As I walked into the Cambridgeside mall Starbuck and I instantly recognized the form of Marie Desjardins; I had met “her” a few times around New Years when I went to Canada as Jean-Michel’s date. I walked over to the beautiful dark haired woman “Louise?” I ask.
She looks up from the book she was reading, surprised. “Sorry. I was totally absorbed; I didn’t see you come in.”
‘Marie’ was in her mid-twenties and had an attractive face and large expressive brown eyes. She was tallish and had a curvy, elegant figure which wasn’t totally hidden in her conservative style of dress. She wore a no nonsense white blouse and a long blue skirt. I felt a little self conscious because I dressed totally the opposite—denim micro mini skirt and a top that was very much like a red Polo except it was tight and it’s neckline plunged way farther than a normal Polo. I keep thinking I need to buy some more conservative clothing—but then again, what’s the fun in that? Besides, it's summer, and it has actually gotten hot lately--not Texas hot, but hot enough that I wanted to wear as little clothing as necessary.
We shook hands, and I sat in the seat across from her. Because of the shortness of the skirt I had to be careful sitting down, and had to cross my legs. This seems to amuse Louise. She puts a bookmark into her Mary Higgins Clark mystery novel and set the book aside. “Thanks for meeting me.” She says.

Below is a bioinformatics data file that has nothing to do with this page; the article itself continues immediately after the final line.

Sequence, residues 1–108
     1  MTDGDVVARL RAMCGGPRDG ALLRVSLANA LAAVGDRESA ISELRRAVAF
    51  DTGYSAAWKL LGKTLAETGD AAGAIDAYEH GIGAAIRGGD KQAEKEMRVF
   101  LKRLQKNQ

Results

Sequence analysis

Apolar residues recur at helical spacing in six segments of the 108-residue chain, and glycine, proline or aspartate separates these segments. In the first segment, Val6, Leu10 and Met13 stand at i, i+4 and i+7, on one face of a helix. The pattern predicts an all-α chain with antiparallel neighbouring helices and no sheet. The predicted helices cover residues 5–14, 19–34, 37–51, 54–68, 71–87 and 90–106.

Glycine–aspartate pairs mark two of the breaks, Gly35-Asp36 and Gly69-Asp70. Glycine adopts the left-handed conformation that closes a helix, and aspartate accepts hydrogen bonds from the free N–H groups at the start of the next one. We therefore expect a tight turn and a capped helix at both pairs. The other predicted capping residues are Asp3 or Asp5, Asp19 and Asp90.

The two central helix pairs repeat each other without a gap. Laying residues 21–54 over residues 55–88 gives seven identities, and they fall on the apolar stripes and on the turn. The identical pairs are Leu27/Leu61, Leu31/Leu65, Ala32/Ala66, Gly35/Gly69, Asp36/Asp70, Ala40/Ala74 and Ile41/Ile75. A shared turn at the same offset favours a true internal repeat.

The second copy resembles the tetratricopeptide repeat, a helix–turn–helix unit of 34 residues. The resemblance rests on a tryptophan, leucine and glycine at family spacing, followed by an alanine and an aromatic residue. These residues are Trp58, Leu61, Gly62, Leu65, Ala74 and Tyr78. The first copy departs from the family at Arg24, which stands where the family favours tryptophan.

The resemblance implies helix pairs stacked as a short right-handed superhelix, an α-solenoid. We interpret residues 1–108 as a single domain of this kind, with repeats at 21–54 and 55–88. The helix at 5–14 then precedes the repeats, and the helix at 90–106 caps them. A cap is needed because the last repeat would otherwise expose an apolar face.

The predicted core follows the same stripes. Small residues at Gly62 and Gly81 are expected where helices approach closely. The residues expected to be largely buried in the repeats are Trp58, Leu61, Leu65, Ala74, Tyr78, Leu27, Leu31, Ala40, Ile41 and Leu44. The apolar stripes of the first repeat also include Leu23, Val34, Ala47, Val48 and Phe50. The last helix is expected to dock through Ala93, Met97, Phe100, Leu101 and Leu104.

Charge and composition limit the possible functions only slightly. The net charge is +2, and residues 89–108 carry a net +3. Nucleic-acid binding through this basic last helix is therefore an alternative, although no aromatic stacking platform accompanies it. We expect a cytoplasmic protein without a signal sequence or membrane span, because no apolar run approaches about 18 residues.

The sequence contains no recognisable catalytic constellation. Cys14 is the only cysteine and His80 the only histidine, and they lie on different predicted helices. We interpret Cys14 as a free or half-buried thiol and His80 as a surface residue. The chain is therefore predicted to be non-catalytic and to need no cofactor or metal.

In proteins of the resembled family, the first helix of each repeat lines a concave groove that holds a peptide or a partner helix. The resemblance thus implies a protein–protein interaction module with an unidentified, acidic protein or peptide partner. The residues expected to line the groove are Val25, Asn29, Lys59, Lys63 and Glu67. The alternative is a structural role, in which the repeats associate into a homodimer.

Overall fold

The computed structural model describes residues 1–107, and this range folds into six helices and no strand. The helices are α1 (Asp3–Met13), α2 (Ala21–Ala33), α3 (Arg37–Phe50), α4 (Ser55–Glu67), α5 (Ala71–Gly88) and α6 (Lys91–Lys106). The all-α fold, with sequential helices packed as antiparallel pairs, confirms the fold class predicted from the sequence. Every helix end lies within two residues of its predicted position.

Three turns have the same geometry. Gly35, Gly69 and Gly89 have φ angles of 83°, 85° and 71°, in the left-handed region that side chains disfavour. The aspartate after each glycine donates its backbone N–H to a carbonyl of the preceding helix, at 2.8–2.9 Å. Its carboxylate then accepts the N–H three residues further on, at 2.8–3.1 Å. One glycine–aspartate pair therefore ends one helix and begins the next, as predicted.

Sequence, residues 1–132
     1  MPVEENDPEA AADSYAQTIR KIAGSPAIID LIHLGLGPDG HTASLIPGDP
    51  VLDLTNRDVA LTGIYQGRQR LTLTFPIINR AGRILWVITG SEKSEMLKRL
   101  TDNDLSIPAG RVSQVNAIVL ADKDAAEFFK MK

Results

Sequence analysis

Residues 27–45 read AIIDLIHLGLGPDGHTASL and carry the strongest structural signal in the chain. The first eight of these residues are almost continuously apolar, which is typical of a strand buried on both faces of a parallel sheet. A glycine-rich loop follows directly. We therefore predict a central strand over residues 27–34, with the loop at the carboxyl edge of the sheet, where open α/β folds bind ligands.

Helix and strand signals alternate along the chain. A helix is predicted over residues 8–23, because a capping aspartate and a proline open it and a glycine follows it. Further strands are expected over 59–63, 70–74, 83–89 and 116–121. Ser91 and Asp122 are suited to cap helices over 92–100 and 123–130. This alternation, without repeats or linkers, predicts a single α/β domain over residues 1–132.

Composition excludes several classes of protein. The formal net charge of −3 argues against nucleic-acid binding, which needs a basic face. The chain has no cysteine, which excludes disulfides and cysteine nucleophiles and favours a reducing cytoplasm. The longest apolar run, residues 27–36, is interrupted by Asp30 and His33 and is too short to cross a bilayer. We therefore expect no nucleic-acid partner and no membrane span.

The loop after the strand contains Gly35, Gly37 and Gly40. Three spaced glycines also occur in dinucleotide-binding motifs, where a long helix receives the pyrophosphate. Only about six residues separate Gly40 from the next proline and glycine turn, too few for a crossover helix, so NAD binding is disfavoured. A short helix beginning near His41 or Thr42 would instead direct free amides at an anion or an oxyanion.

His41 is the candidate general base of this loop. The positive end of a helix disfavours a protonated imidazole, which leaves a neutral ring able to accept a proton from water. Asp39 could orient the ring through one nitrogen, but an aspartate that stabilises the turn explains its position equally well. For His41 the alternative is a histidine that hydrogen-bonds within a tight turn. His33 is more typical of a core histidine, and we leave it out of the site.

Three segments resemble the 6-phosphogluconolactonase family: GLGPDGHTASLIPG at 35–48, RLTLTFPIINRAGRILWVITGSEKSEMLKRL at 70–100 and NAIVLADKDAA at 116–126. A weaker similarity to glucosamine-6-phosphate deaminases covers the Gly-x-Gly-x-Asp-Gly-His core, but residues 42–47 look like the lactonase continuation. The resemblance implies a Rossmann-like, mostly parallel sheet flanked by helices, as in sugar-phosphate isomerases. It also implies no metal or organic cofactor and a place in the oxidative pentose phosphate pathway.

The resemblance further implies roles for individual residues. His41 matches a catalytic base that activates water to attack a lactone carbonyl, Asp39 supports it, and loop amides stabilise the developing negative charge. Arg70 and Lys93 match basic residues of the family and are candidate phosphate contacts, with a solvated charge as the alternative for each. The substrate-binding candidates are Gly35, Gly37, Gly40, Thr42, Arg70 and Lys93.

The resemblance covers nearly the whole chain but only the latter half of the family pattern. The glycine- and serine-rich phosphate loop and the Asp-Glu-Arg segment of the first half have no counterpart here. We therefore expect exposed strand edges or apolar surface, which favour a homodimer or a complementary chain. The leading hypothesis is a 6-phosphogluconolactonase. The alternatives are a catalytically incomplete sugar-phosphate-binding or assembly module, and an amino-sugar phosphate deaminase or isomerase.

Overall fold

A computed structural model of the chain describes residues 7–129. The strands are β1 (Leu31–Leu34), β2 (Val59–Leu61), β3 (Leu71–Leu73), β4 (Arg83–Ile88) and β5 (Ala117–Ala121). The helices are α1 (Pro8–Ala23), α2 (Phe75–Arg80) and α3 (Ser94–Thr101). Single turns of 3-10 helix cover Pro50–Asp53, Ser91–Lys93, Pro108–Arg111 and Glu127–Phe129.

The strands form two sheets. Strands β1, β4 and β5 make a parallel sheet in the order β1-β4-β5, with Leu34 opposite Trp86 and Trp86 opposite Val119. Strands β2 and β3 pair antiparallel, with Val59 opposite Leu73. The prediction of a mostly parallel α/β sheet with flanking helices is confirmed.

“No problem. I like to help out when it comes to things about the Inn. I assume this is mine?” I was pointing to the second Starbucks cup sitting on the table.
“Grande non-fat chai, right?” She asked.
I nod my head. “Thank you. I can’t believe you picked up that little detail up from the blog.”
She smiled. “You are welcome. I’m an avid reader and I tend to remember what I read. I’m one of those people who always carry a book or two with them. When I found your blog I ate it up like candy; it seemed like the thing to do now that I too am a victim of the Inn. It’s been the best resource so far as to what has happened to me.”
My hair was in my face, so I brush it back over an ear, and pick up my chai and take a sip. I can feel all the stress leaving my body. “That is so good.”
She watches me for a moment. “I don’t want to sound rude, “ she says carefully, “but you don’t come off as ‘manish’ at all.”
I laughed. “Expecting to see some trace of the man inside? Well you have to remember, I’ve been Ashlyn for nearly a year now. I’ve had plenty of time to adapt—or at least I have gotten really good at mimicking women.”
“Amazing. I don’t know if I would have done so well if I had woken up a man instead of Marie. Some of the other guests who were with me at the Inn crossed gender lines, we had one man, now a woman, threaten suicide.” She said.
“You’ve read the blog, I was a mess in the beginning as well. I equate the curse of the Inn to the death of someone very close—at first it hurts like hell, but as time passes it gets easier. I hope that guy doesn’t do something drastic.”